Against all odds: COVID-19 journey of a girl living with a disability
Reflections from the International Women's Day commemoration: Impact of climate change on girls and women living with disabilities
Women and girls with disabilities are often pushed to the extreme margins and experience profound discriminations, Cathy Mantswe, a 17-year-old student’s journey is an attestation to this.
Cathy was born with Osteogenesis imperfecta, a genetic brittle bone disease which is incurable and makes it difficult for her to walk without support, as a result she uses a wheelchair to move around. Like most of her peers living with disability, Cathy shared that the advent of COVID-19 exacerbated the challenges that she already had. Speaking during the commemoration of International Women’s Day hosted by UNICEF and other UN agencies, she said access to education and health care services was a challenge during the onset of the pandemic. “When schools were re-opened after lockdown, government announced that children with disability will only join in a few weeks after their peers, this exacerbated the already existing discrimination” she said. As a result of this segregation, Cathy said her peers suspected that she had covid-19 and avoided interacting with her upon return. “Not only did it affect interaction my peers, but I also lost contact time with my teachers and I had to double my effort catch up,” she said.
For Cathy, life was hard even before COVID-19 pandemic. In a country that prides itself with high enrolment rate for primary education, Cathy argued that children with disability continue to be marginalized and the education system hardly caters for them. “I remember how my parents and I moved from one school to another, to secure a place for standard one in 2013. None of the schools were willing to accept me. I remember one school principal asking my parents if they thought his school was a dumping site and I wondered, am I garbage?” she said.
Despite all these challenges, Cathy and her family were determined to get her a place and she too desperately wanted to join her peers. As a self-assured young girl, she knew that she would excel even more than children who were not physically challenged. After a long struggle, she finally got admitted at Bakgatla Primary School, under one condition, that her family will avail a teacher-aid as the school could not afford one. “My family is not well off, my mother works as a cashier in a local supermarket, so we could not afford that. But my aunt who is here with me was so determined to see me succeed. She quit her job to become my aid,” she said. Further to this, Cathy’s family could barely afford transport money and the school was far from her family house. Every morning, her aunt carried her on her back, along with her walking sticks and school bag. “My aunt carried me on her back, just to make sure that I reach my dreams,” she said.
She did not only struggle with transport, but she also had to deal with discrimination and constant stares from her peers. Lack of proper amenities impedes her from fully enjoying the school experience. However, all these experiences do not discourage Cathy from pursuing her goals, instead, they motivate her to prove to her peers that she can succeed at anything that she puts her mind to. She is currently the president of Student Representative council, the best debater in the school and one of the best chess players.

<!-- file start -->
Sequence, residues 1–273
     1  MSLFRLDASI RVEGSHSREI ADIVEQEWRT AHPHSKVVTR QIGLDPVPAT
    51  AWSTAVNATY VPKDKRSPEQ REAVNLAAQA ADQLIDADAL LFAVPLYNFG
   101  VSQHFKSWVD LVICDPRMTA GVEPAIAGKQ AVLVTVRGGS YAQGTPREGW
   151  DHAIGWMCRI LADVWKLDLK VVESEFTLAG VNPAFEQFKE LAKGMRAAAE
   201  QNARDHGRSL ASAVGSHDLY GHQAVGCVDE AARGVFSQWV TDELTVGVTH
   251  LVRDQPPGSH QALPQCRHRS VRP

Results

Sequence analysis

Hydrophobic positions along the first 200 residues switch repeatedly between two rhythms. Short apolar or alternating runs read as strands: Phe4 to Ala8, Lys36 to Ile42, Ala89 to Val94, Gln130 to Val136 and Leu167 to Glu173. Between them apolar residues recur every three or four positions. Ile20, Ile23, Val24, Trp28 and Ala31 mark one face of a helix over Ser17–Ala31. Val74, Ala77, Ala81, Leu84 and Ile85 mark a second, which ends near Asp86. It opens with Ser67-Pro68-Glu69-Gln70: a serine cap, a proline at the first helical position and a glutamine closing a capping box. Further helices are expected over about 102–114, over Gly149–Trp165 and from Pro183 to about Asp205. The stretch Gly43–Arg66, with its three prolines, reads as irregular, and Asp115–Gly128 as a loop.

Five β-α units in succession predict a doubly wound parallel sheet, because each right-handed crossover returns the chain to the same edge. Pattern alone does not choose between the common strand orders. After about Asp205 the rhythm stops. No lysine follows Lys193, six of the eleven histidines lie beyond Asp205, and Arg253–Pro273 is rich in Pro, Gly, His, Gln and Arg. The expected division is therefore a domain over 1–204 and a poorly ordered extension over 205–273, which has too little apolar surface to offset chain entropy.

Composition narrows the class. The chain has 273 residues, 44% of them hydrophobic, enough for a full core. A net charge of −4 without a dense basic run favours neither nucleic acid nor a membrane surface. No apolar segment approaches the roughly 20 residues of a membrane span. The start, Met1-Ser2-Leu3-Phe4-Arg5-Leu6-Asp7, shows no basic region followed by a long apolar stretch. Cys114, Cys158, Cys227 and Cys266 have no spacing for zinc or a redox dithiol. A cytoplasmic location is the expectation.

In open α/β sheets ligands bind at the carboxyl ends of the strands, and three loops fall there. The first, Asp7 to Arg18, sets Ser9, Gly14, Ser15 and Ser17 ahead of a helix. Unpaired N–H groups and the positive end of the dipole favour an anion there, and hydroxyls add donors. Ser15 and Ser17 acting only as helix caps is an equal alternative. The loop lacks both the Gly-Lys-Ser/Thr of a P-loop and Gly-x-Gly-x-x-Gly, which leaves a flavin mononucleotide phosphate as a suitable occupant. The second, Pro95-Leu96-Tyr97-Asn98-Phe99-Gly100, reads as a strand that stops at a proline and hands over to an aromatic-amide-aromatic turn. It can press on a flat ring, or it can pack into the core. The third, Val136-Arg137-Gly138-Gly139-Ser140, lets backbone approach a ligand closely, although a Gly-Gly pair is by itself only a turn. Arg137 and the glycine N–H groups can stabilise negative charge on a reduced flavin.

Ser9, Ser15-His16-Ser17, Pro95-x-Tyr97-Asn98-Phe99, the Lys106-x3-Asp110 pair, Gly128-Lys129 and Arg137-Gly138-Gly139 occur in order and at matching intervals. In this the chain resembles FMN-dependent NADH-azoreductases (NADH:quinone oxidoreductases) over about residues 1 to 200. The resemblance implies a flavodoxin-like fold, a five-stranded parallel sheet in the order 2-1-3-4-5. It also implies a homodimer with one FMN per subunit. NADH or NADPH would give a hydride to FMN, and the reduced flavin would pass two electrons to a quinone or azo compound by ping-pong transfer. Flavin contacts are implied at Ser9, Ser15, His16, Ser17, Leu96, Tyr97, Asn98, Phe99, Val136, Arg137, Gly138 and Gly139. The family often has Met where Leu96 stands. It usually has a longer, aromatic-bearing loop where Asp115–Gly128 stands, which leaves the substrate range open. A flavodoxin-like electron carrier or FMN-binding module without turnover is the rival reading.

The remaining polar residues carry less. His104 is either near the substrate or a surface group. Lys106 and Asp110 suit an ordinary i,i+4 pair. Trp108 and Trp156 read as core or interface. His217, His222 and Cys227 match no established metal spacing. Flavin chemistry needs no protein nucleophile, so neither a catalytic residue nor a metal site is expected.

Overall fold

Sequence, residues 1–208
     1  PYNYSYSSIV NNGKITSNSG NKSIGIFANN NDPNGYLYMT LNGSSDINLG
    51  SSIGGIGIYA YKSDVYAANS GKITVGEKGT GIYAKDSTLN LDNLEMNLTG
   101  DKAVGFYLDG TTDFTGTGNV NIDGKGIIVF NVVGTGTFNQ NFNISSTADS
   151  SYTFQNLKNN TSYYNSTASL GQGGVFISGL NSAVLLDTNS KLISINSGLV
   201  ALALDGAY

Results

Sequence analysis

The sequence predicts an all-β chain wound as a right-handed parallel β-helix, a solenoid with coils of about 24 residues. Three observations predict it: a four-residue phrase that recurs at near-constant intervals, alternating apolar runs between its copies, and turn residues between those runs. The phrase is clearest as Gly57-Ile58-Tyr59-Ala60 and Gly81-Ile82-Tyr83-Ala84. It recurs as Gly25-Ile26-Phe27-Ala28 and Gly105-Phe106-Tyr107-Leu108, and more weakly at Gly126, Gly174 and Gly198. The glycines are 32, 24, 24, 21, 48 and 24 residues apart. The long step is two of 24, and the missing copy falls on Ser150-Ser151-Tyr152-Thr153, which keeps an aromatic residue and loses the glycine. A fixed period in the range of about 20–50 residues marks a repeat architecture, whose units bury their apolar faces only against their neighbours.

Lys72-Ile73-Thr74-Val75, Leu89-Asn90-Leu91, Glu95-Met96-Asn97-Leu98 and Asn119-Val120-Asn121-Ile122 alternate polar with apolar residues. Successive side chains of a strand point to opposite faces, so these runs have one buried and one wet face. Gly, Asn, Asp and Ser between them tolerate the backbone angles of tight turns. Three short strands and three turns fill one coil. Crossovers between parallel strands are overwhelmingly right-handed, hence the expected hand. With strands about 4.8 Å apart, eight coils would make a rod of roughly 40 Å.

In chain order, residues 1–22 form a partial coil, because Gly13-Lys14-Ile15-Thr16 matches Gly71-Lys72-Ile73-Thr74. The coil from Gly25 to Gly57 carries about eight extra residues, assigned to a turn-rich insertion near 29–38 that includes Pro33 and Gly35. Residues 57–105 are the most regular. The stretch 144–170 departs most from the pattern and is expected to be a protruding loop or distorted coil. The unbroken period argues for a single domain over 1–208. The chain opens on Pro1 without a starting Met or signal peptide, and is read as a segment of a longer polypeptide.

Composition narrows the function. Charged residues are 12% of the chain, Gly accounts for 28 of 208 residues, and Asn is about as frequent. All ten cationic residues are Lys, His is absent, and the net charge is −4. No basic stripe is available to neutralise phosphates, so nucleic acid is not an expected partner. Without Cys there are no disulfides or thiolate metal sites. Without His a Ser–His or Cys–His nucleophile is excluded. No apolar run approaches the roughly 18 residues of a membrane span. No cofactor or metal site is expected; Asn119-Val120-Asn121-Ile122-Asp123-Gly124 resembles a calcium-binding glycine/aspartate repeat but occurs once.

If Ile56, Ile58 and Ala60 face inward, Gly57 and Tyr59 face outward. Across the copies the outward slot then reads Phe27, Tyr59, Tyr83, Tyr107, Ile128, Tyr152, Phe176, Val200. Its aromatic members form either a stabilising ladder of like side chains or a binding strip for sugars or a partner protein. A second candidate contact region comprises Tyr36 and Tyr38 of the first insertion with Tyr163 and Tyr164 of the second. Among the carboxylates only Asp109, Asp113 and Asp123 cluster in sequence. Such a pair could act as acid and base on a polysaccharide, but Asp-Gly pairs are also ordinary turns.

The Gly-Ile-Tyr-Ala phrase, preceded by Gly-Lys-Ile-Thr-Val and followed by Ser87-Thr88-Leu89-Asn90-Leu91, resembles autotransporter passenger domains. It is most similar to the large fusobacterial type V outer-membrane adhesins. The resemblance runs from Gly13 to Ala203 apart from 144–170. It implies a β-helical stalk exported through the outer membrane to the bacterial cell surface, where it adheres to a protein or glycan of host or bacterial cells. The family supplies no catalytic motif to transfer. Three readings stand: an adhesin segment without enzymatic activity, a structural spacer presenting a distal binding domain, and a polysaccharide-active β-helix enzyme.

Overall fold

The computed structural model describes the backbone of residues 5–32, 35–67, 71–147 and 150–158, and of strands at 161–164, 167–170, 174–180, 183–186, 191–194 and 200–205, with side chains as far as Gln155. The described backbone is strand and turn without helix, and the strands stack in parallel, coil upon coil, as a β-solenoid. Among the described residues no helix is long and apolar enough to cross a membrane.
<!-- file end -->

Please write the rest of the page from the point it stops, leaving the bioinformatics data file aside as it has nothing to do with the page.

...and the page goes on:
Cathy pleaded with decision makers to invest in schools that can be accessed by all children, especially for children with disability. “We have to be inclusive, I plead with you to deal with barriers that impede us from accessing education. Living with disability does not mean that we cease to dream. In fact we have dreams and we have aspirations like other children. ” she said.
She further called on government and stakeholders to protect the privacy of children living with disability. Sharing her current ordeal in which the school policy dictates that she be given a new aid who she does not have rapport with. “If government is going to be hiring a new aid every year, what about my privacy? How many people are going to see me naked?” she asked. Adding that they should be given an option to bring family members that they are comfortable with. She concluded by thanking her aunt who has been her aid since primary school.
Other panelists shared their experiences on how covid19 impacted their lives. Among them, was a mother of a child living with cerebral palsy, Mysi Badenhurst who described the onset of covid19 pandemic as a dark period of her life. “Covid-19 protocols cut us off from accessing health services and support from family. If I didn’t have mental breakdown then, I will never have it,” she said. Another panelist, Tsaone Mosweu a partially blind young women, said they were left behind when messages for COVID19 prevention were designed. Furthermore, the pandemic exposed them to sexual and physical violence.
For her part, UNICEF Representative, Dr Joan Matji, committed that UN will continue to reflect on its programming and ensure that women and girls with disability are catered for. “Today’s event is one of the many platforms that we intend to create and amplify your voices so that stakeholders make the right investments to meet your needs, “she said.